In software design there is a process gap between understanding the overall objectives and having a well specified system that can be handed programmers to build. In software product management terms, this often gets called the ‘fuzzy front end’ of a project. At the beginning of any product development, the team involved, will often a lack an understanding of what the software product needs to be and lack a clear process on how to move from what are usually business or organisational level goals to the level of detail needed so that developers can create the correct software (Khan, 2004). Different projects and organisations tackle this in different ways. Often they will tend to rely on experts who have deep tacit knowledge in specific application areas and experience of working on many projects. This approach locks knowledge into these individuals, makes them critical to the process and isn’t necessarily conducive to a participative approach.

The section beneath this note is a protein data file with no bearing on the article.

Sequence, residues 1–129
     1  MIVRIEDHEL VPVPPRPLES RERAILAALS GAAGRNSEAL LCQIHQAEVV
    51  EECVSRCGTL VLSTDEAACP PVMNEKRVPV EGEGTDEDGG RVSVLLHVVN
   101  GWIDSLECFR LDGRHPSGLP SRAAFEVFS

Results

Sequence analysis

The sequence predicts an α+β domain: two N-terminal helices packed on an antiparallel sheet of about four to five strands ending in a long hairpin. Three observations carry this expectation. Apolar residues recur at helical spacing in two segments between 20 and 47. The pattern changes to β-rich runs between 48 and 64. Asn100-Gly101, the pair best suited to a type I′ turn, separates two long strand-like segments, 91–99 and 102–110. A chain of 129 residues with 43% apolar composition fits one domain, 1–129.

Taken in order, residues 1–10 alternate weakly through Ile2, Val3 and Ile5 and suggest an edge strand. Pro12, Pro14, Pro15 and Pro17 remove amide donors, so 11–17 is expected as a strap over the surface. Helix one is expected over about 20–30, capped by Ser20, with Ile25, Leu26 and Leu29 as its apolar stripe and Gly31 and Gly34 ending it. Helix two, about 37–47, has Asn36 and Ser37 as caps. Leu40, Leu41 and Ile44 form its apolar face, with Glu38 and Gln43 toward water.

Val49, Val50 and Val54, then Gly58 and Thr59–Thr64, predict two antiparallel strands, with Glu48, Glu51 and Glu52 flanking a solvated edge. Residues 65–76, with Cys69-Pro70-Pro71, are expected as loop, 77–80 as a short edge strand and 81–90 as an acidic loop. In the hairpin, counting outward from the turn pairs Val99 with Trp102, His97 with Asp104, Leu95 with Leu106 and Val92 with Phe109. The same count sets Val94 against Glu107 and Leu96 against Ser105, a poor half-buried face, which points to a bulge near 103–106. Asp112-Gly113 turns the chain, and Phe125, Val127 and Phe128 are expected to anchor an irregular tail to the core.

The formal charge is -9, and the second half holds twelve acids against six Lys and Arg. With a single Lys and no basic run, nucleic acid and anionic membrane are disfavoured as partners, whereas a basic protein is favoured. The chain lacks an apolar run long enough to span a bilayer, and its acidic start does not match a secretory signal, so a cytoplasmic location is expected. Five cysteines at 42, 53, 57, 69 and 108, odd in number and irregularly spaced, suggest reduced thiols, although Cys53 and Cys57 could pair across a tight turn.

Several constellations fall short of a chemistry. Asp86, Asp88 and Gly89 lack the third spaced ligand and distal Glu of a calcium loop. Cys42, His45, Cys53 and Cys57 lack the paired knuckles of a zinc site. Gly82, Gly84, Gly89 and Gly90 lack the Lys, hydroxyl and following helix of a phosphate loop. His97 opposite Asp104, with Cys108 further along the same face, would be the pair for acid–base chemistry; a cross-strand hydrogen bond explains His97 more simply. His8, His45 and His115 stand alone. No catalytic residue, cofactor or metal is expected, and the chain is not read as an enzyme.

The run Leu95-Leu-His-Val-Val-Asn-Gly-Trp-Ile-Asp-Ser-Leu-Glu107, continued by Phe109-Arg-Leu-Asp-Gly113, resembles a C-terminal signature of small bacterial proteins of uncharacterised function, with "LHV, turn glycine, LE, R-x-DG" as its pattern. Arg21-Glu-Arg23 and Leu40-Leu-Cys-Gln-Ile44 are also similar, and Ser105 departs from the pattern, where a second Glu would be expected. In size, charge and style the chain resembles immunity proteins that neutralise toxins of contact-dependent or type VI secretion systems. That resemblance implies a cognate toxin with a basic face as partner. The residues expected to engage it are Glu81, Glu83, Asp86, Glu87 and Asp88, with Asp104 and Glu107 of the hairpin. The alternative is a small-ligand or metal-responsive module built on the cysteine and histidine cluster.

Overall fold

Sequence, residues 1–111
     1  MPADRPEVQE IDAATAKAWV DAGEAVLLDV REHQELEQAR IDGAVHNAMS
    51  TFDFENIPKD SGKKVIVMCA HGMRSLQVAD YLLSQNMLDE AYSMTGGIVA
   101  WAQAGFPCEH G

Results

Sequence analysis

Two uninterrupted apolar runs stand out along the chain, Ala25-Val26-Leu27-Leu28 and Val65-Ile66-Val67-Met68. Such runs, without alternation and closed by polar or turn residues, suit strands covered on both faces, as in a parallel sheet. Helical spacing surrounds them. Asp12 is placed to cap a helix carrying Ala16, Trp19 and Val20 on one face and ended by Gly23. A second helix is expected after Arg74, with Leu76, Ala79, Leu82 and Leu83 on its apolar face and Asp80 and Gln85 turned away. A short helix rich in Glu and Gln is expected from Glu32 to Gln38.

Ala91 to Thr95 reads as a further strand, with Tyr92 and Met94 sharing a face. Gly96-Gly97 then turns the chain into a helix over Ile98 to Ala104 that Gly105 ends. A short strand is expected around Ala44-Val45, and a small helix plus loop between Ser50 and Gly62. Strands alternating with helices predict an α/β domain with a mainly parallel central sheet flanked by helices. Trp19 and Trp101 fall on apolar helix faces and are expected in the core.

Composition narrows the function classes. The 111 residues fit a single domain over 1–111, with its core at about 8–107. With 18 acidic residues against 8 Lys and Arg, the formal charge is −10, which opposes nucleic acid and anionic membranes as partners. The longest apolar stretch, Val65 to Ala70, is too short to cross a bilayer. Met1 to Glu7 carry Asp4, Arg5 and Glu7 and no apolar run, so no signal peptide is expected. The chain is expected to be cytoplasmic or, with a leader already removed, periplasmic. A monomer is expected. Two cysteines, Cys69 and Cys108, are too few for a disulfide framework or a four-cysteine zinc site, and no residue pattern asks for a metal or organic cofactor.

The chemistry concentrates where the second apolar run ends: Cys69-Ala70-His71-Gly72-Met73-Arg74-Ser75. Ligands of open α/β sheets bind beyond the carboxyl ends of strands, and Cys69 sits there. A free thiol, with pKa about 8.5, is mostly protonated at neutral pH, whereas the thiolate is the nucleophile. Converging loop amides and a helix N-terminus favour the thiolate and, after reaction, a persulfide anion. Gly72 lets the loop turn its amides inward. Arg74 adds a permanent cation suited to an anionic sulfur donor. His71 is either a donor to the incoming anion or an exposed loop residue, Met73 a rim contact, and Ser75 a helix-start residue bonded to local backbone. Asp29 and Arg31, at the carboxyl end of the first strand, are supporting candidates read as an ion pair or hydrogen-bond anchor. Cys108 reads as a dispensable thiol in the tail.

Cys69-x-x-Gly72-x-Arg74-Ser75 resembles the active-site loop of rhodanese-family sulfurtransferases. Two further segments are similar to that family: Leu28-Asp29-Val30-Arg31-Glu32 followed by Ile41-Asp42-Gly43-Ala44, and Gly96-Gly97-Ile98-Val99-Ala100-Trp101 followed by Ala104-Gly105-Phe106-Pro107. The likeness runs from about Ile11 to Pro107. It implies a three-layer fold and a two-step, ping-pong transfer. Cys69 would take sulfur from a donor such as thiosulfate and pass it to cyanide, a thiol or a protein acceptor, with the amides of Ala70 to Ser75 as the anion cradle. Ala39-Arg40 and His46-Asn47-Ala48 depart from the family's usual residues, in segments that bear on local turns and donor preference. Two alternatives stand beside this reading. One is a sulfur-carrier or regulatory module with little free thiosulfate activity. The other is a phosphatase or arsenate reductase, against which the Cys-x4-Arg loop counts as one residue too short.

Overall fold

In most cases this gap is currently filled by techniques like requirements gathering, functional specification, use cases or user stories. These techniques are very useful if the end product is well understood but they are better used as part of the specification phase of a project. In systems focused on single user applications or in well understood domains they may be sufficient to bridge the gap between the ‘fuzzy front end’ and software design, but aren’t sufficient to plug the gap when we are building systems for computer-mediated communication. These single-user focused approaches to specification try to understand interaction as atomic tasks, and focus only on interactions between the user and the system. The sociotechnical systems we are looking at are inherently complex systems and because they are complex, they also need to be understood on a macroscopic scale through their emergent properties. Reductionist approaches, like the ones described above, will not work and so a technique that looks to emergence is required.